This further points to "the need for judicious use of periprocedural pharmacology, to further prevent thrombus formation. But even more so, further studies to determine which types of surgeries place the patient at highest risk are needed so we can target our more aggressive therapies more wisely."

Focus Also on Long-term Risk

Rather than pursuing preventive transcatheter closure in patients with preoperative PFO but no stroke history, Eikermann said, "What I think is a lower hanging fruit is first looking at long-term stroke risk after surgery." It would be up to future trials, he said, to determine in such cases whether long-term antithrombotic therapy may be safe and effective.

An accompanying editorial agrees that the results are not necessarily a call for more transcatheter PFO closure in these patients.[2]

"At this point, clinicians should not interpret the study findings as suggesting the need for diagnostic testing and aggressive treatment of PFO prior to noncardiac surgeries," write Drs Scott E Kasner and Steven R Messe (University of Pennsylvania, Philadelphia).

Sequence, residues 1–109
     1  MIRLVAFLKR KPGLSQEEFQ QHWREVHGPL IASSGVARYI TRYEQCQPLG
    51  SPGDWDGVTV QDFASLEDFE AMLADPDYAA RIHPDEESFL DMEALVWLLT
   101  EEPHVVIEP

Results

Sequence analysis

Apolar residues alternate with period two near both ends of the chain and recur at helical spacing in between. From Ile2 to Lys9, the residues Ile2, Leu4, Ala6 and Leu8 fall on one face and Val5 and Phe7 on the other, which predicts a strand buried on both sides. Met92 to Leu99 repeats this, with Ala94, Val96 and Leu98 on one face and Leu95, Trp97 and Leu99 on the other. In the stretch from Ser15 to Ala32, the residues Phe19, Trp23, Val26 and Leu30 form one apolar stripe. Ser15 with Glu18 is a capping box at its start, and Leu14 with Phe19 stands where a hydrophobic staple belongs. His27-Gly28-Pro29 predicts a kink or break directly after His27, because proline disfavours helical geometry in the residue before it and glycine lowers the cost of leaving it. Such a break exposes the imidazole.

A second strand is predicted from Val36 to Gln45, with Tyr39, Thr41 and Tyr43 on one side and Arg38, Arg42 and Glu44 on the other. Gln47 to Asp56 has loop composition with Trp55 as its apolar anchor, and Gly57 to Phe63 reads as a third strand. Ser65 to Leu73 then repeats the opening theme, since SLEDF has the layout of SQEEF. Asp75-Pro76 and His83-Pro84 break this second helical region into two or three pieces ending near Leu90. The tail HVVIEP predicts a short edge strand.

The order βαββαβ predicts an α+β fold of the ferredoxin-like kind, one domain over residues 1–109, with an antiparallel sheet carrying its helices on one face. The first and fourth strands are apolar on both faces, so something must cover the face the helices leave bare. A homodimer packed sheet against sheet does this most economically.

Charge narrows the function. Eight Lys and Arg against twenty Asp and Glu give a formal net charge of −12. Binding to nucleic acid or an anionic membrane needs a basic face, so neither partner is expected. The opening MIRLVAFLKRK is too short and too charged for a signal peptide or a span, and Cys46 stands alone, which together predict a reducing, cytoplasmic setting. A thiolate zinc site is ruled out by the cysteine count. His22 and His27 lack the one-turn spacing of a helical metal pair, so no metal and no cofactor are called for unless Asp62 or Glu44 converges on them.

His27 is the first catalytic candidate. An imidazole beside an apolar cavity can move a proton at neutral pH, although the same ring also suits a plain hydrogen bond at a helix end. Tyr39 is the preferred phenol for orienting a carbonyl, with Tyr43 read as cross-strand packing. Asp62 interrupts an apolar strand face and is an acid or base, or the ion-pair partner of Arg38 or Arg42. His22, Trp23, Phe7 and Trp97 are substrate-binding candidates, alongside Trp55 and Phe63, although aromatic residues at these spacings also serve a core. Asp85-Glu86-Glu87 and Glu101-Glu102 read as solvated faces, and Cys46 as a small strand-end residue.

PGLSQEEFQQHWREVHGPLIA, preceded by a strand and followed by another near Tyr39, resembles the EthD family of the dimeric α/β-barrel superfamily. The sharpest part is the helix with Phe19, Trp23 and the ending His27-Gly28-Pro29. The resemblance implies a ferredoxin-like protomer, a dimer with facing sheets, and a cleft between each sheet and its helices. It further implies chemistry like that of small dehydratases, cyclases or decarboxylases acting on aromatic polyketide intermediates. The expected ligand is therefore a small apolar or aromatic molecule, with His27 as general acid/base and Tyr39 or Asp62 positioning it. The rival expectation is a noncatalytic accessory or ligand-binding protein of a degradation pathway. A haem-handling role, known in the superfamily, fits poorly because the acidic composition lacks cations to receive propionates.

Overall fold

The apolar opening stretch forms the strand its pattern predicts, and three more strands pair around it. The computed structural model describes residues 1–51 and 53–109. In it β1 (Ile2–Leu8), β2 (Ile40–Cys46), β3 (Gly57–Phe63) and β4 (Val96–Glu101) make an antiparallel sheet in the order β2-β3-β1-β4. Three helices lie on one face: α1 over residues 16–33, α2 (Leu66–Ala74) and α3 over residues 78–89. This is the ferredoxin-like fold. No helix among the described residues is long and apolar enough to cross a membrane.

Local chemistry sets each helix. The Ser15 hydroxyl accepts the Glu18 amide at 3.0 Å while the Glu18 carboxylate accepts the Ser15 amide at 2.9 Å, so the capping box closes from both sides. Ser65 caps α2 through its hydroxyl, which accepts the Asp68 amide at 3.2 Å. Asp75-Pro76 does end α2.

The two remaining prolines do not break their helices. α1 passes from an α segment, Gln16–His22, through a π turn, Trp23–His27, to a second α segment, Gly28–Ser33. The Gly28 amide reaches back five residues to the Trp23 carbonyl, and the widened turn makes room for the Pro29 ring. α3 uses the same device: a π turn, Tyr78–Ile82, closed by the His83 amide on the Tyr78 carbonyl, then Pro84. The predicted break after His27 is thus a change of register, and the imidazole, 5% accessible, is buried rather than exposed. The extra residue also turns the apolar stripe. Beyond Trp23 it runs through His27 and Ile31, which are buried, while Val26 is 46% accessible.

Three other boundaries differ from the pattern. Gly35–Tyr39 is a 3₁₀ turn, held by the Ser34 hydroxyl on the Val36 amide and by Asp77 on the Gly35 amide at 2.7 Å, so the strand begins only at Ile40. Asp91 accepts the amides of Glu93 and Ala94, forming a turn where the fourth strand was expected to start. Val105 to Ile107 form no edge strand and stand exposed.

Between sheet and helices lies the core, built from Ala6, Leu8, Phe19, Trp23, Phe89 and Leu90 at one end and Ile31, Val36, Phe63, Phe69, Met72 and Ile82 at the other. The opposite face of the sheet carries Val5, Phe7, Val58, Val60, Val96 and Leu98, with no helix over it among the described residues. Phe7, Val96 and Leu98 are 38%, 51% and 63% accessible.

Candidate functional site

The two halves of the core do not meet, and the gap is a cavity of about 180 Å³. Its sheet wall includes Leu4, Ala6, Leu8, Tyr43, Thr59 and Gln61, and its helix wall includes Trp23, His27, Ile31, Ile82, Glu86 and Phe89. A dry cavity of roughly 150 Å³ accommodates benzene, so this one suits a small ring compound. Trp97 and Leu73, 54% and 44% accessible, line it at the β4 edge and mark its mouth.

"Nevertheless, the results indicating increased risk of perioperative stroke among patients with PFO remain alluring given the biological plausibility." That's despite several potential limitations both the editorialists and the authors point out, including possible referral bias in the group found to have preoperative PFO and possible non-PFO causes of perioperative stroke.

The authors acknowledge that the group with known PFO was more likely to have underlying cardiovascular or thromboembolic diseases, which themselves could have been risk factors for stroke, and also "could have biased such patients to the diagnosis of PFO through referral for a dedicated echocardiography study." Those conditions were therefore included as covariates in the adjusted analyses.

Perioperative Stroke, Other Thromboembolic Events

The study looked at 150,198 patients undergoing noncardiac surgery with general anesthesia at a major referral center and two community hospitals over 8 years; their mean age was 55 years. Their overall perioperative stroke rate was 0.6%.

Of the total cohort, 1540, or about 1%, were known before surgery to have a PFO. Their rate of perioperative stroke was 3.2%, compared with 0.5% for those without a prior PFO diagnosis.

In adjusted analyses, patients with PFO had increased risks for perioperative ischemic stroke and other embolic events, compared with patients without PFO.

Table. Adjusteda Odds Ratio for Perioperativeb Outcomes in  Patients With vs Without Preoperatively Diagnosed PFO